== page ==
I was above the clouds at this time, so the summits of Mts Race, Everett and Greylock in Massachusetts to the north, as well as Mts Prospect and Canaan Mt to the southeast in Connecticut, were all peaking above the clouds. It was magical. As I headed south, the peak of Lion’s head was doing the same. I ran into the section hikers from yesterday and said a quick hello. I pointed out to them where we met the day before on Lion’s Head and then made a dash for Riga, hoping to recover my notebook. As I passed Brassie Brook shelter, I stopped into sign the register and packed out some trash left behind by hikers. As I approached Riga I passed a group of 2 kids and 2 moms who mentioned they had stayed there when we stopped to chat.

Above the clouds on Bear summit

Above the clouds on Bear summit

I asked them about the notebook and they had found it and left it in the shelter for me! They thanked me for my work and I headed back to Riga to pick it up. They also reported that the shelter and campsite were clean and campfire-free which I appreciated and confirmed. I had one more snack with the famous view and headed back south towards Salisbury. I met a few more hikers along the way, both section and day hikers, enjoying another gorgeous day on the first weekend of fall. The leaves weren’t really changing yet but will be any day.

Looking south, Lion's Head summit above the clouds

Looking south, Lion’s Head summit above the clouds

The last few miles down to Rt 41 via the A.T. pass through some beautiful forest areas, with as many ups as downs. This bit I’ve decided is as much effort in either direction! I passed a few more backpackers struggling up the long climb from the road to Lion’s Head, and when I arrived at the parking lot I ran into one of the groups that were at Sages Ravine with me the night previous. We had a nice conversation and then I headed home, stopping at the hot dog stand in Kent for some nourishment!  It’s always a pleasure to hike the wild corner of Connecticut.

Miles day 1: 8.2

Miles day 2: 7

– Linus

 

 

Ridgerunner Weekend #3 – 341 Kent to Stewart Hollow Shelter

Last weekend I did my third ridge runner weekend of the season. It was a hot and steamy one! It was also during the thru hiker bubble and I met about 40 thru hikers – both north and southbound. Two of them were under 10 and hiking the whole trail with their dad. They likely did many more miles than me that day! I met several section hikers as well as a few day hikers. I got to do the climbs to St John’s Ledges and Caleb’s Peak TWICE – once up and once down.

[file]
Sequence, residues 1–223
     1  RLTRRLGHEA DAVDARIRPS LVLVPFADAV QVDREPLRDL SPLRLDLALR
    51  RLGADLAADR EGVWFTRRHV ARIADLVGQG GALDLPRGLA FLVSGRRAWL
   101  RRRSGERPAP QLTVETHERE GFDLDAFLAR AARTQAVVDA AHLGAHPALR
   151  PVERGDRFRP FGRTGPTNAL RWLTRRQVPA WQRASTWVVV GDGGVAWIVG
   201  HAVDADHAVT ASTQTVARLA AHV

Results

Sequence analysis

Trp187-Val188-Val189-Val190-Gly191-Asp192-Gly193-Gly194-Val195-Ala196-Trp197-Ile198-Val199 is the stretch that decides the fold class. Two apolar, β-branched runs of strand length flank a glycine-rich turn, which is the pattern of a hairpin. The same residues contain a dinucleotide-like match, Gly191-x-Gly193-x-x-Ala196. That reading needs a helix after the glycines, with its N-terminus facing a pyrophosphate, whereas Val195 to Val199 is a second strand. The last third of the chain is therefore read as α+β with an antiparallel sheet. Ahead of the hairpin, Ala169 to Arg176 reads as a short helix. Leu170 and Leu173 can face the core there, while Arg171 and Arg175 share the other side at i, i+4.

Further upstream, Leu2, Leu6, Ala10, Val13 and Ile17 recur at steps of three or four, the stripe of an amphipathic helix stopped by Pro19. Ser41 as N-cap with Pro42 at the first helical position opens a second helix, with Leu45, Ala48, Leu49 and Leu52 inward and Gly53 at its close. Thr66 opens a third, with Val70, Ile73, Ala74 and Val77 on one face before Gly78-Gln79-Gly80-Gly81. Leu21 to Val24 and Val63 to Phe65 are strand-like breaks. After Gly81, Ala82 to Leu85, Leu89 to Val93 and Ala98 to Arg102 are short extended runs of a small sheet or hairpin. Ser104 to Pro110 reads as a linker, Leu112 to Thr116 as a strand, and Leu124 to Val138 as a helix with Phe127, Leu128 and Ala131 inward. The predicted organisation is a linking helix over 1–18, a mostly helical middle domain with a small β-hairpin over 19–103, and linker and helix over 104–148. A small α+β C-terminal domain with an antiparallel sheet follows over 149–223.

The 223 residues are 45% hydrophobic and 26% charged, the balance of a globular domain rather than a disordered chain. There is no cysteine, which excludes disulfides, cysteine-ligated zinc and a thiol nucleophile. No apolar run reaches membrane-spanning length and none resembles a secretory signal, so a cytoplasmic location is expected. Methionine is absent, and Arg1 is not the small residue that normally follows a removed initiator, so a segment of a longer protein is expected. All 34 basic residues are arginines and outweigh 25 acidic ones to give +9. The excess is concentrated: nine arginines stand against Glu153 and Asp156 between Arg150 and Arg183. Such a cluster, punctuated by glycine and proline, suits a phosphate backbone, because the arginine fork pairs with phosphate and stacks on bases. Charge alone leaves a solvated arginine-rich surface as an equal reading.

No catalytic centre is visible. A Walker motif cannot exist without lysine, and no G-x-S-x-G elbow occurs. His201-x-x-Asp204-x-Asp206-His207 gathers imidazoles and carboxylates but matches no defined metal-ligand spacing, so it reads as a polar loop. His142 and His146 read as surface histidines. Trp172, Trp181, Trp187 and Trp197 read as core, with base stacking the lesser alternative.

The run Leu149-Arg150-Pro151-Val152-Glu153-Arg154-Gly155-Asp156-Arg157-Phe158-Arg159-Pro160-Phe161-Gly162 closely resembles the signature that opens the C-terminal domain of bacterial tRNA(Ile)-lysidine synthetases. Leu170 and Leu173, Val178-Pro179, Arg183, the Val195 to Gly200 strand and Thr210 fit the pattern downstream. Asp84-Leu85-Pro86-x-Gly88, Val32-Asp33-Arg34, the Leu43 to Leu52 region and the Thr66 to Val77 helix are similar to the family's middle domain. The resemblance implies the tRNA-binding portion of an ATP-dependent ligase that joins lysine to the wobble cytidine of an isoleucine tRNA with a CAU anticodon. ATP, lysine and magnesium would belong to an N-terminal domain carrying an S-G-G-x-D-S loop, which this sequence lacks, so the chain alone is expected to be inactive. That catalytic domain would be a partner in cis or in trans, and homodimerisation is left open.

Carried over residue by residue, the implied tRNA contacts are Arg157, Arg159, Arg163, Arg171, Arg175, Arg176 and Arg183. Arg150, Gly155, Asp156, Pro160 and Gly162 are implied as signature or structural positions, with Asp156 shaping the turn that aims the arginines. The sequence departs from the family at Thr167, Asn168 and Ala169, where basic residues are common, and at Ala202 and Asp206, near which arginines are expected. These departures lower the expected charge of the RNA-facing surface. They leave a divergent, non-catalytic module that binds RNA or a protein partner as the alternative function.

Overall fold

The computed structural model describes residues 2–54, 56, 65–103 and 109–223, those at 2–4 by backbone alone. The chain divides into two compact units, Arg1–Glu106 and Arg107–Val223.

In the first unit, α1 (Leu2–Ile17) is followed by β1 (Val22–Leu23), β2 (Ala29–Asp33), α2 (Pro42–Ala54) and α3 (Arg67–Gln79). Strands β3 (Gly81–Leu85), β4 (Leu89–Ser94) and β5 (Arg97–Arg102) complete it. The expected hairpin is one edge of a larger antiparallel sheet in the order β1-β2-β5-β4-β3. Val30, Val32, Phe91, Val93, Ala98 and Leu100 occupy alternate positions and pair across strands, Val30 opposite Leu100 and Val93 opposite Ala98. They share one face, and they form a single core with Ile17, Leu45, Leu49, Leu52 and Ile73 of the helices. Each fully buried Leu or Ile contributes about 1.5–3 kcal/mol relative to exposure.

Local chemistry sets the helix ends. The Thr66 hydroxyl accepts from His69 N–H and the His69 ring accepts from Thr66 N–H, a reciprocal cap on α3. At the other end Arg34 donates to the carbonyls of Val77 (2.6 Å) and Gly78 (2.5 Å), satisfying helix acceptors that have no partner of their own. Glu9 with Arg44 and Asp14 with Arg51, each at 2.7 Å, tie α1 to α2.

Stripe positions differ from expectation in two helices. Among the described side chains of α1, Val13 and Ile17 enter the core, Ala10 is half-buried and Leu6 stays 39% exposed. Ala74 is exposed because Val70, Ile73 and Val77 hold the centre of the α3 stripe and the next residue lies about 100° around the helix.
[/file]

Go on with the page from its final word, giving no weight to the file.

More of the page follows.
I just missed the heavy rains Saturday morning and the only rain I had was overnight. Though to be honest I wouldn’t have minded a little as it was so hot and steamy. However I did NOT want any rain while doing the climb up or down the ledges! I got thanked by several hikers for my work which always feels good! I also found a bunch of thru hikers stealth camping, one even right next to the shelter site which I figured they didn’t know was 10 yards up the trail! Those that I did speak to about it were very apologetic and explained they were pushing miles and didn’t want to go down the ledges in the dark as it was already after 11pm when they set up. We have very specific rules about camping in designated areas, and plenty of campsites on our stretch. This is because of the narrow corridor in our state. If you’re not in a designated site you may just be camping on someone’s private property. And it becomes a bigger issue if you’re used to breaking rules in that you may break others which could lead to damage to or littering on private property. On the upside, it’s also why our section is so beautiful and clean.

I cut two blow-downs, one which was very difficult as it was above me so it took a lot of upper body strength (not my strongest area) to cut.  I hiked with one of the thrus for a while and at his pace covered 2.5 miles in about 40 minutes! I had to eventually take a break as I don’t quite have thru hiker legs. But we leapfrogged a few times and I did see him at the shelter taking a break when I arrived to set up my camp for the night. The water sources were raging from all the recent rain. But with the current heatwave I’m not sure that will last. There was trail magic when I arrived at the trail head Sunday and while I never drink sodas anymore, an ice cold Coke sure hit the spot after 7+ steamy miles including the big climbs followed by several smaller ones to get back to my car. About 1,440ft of vertical over 4 miles, with 1,000 of it in the first 1.2 miles! I did that each day but in reverse on this day.

I will be back out again mid-September. In the meantime, Fielden Stream and I are planning to finish the last 13.5 miles of Massachusetts over the highest peaks in the state. We look forward to a lunch mid-hike at the Bascom lodge, and are going to take our time as these will be the highest climbs and elevations for us yet to date together.

Miles day 1: 7.4

Miles day 2: 7.4

  • Linus
Wet rocky start

Wet rocky start

First blowdown I cleared

First blowdown I cleared

View to Kent from Fuller Mtn

View to Kent from Fuller Mtn

View to Kent from Caleb's Peak

View to Kent from Caleb’s Peak

View from St. John's Ledges

View from St. John’s Ledges

Hikers descending St. John's Ledges

Hikers descending St. John’s Ledges

St. John's Ledges

St. John’s Ledges

More of St. John's Ledges

More of St. John’s Ledges

Even more of St. John's Ledges

Even more of St. John’s Ledges

This frog jumped on my hand during the climb!

This frog jumped on my hand during the climb!

Rock climbers on the cliffs at St. John's Ledges

Rock climbers on the cliffs at St. John’s Ledges

2nd blowdown I cleared

2nd blowdown I cleared

The always lovely Stanley Tract

The always lovely Stanley Tract

Morning along the Housatonic

Morning along the Housatonic

Morning moon over the A.T.

Morning moon over the A.T.

Crossing Macedonia Brook

Crossing Macedonia Brook

Trail magic just beyond the trail head